At some stage Mr Juta employed a Mr Willemse as a farm manager. He does not say when this was. Mr Juta says that Mr Willemse cycles 16 km per day. It seems that Mr Willemse must be cycling 8 km to work and back which makes the distance 16 km per day. He says that he needed the applicants to vacate the cottage because that would enable him to close off one of the units of the cottage and let Mr Willemse live in that unit so that he would not have to cycle 16 km per day.
In the Magistrate’s Court
Mr Juta insisted that the applicants should leave the cottage but they did not. They said that they had not found alternative accommodation. He then instituted proceedings in the Magistrate’s Court, Stellenbosch (Magistrate’s Court), for their ejectment from Fijnbosch. Mr Juta’s case was that he and the applicants had agreed that the applicants would stay in the cottage only for three months which had long expired and that he needed one of the two units of the cottage to accommodate Mr Willemse.
The applicants opposed Mr Juta’s application in the Magistrate’s Court. They denied Mr Juta’s version that there was an oral agreement between him and them that they were to stay in the cottage for three months only and should have left after the expiry of that period. Their case was that Mrs Hattingh was an occupier as defined in section 1 of the Extension of Security of Tenure Act (62 of 1997) (ESTA), that she had a right to family life in terms of section 6(2)(d) of ESTA and this right entailed that she could live with them in the cottage. In response to this Mr Juta adopted the position that he was not denying Mrs Hattingh her right to family life provided for in section 6(2)(d). He said that the applicants could visit Mrs Hattingh but had no right to live on the farm.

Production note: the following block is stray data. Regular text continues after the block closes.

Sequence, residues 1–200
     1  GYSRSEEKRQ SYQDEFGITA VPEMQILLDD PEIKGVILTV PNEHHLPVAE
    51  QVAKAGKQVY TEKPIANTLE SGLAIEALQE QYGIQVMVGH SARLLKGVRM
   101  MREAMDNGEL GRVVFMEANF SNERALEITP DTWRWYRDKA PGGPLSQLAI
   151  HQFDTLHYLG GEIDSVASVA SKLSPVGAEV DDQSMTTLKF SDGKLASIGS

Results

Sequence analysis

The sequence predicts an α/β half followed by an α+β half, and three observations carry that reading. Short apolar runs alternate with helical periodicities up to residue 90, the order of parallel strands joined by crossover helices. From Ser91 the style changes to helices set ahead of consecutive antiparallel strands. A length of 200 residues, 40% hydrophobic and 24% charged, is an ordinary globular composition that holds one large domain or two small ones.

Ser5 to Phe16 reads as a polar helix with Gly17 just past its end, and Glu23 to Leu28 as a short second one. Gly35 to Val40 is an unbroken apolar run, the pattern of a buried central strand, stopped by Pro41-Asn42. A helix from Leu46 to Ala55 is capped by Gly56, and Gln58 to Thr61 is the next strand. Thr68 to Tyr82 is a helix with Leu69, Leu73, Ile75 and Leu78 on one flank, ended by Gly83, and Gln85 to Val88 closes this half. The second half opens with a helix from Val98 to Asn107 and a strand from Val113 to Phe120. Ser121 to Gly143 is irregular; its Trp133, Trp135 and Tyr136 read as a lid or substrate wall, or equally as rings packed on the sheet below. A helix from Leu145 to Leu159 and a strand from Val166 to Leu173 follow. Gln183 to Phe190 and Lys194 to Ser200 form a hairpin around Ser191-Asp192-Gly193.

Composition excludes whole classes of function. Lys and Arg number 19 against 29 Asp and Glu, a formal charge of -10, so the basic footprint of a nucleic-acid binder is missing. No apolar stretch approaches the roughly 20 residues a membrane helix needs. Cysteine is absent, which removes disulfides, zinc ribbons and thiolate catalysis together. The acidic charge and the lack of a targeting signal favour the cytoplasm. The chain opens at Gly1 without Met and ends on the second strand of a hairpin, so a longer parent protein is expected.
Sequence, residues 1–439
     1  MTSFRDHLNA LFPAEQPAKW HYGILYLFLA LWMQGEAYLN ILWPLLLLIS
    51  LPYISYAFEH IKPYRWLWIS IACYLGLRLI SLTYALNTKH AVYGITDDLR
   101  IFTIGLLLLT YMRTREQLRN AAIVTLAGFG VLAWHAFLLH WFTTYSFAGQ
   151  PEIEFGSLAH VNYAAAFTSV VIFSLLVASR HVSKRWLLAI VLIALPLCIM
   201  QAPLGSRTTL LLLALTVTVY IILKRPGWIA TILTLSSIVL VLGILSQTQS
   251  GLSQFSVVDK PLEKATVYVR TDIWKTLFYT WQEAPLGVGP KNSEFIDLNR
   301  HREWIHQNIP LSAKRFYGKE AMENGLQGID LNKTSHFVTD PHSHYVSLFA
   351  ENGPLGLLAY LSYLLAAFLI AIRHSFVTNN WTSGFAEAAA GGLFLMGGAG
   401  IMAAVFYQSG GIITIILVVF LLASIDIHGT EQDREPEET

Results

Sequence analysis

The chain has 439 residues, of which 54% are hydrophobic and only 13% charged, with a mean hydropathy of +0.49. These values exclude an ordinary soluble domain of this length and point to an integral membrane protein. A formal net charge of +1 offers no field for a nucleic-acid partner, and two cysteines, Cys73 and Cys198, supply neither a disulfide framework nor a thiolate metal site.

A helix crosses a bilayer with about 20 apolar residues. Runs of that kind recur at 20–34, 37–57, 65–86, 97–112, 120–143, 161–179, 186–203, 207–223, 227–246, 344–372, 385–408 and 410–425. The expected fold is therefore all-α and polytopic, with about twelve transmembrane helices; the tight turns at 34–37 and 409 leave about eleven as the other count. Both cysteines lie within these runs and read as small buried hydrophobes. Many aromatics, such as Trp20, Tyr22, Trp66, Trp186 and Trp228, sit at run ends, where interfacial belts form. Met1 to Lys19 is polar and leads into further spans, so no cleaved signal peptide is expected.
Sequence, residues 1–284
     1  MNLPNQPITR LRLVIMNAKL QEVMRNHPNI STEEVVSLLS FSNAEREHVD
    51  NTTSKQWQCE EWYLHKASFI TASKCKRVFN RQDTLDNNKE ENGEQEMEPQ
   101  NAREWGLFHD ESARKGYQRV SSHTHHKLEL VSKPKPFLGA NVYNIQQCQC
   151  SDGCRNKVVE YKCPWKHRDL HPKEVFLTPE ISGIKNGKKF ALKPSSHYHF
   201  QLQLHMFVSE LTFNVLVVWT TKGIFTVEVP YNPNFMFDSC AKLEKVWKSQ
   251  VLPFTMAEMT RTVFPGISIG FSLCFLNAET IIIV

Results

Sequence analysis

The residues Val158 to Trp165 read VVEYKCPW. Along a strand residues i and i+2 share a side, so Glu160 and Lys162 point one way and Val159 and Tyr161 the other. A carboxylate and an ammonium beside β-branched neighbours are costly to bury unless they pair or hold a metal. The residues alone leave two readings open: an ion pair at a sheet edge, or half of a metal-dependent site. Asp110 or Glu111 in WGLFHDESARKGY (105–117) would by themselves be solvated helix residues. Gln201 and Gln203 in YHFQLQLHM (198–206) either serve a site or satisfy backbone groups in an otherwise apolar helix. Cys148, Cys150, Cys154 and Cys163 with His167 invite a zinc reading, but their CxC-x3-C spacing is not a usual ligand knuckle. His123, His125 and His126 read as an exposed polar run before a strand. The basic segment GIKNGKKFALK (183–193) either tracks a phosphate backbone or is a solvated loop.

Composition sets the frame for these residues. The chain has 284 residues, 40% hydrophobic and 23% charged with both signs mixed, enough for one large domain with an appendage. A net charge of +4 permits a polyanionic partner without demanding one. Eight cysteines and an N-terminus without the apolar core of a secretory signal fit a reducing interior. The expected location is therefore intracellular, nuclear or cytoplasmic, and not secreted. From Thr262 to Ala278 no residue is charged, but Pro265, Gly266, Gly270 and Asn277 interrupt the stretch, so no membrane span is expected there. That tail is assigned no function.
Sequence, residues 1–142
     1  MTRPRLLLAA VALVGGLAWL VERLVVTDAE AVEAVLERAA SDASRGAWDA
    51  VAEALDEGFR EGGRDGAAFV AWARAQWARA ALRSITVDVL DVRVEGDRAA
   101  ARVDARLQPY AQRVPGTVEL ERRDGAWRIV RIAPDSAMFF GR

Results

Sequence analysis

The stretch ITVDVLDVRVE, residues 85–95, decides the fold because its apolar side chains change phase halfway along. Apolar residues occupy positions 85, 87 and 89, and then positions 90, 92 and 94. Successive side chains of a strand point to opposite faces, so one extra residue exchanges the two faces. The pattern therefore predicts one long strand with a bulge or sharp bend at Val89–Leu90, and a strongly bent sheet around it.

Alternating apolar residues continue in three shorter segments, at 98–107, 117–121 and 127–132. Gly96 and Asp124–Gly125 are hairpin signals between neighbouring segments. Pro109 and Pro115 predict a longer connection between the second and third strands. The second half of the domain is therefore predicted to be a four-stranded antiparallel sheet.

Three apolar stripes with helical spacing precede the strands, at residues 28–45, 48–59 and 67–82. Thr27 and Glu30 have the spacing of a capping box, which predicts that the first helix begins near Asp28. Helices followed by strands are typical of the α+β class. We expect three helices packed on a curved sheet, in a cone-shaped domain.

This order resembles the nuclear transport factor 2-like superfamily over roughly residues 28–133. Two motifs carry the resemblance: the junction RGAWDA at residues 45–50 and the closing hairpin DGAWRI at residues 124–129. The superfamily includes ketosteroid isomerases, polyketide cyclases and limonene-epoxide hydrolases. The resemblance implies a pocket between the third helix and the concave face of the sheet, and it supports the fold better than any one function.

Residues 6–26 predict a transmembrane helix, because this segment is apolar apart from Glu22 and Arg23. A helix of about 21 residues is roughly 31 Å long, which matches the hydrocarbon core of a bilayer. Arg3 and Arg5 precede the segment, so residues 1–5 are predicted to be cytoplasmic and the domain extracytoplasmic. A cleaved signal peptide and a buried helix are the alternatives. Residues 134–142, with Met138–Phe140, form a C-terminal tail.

The Magistrate’s Court found in favour of the applicants on the point that their mother’s right to family life meant that they could live with her in the cottage. It dismissed Mr Juta’s application but made no order as to costs.
Appeal to the Land Claims Court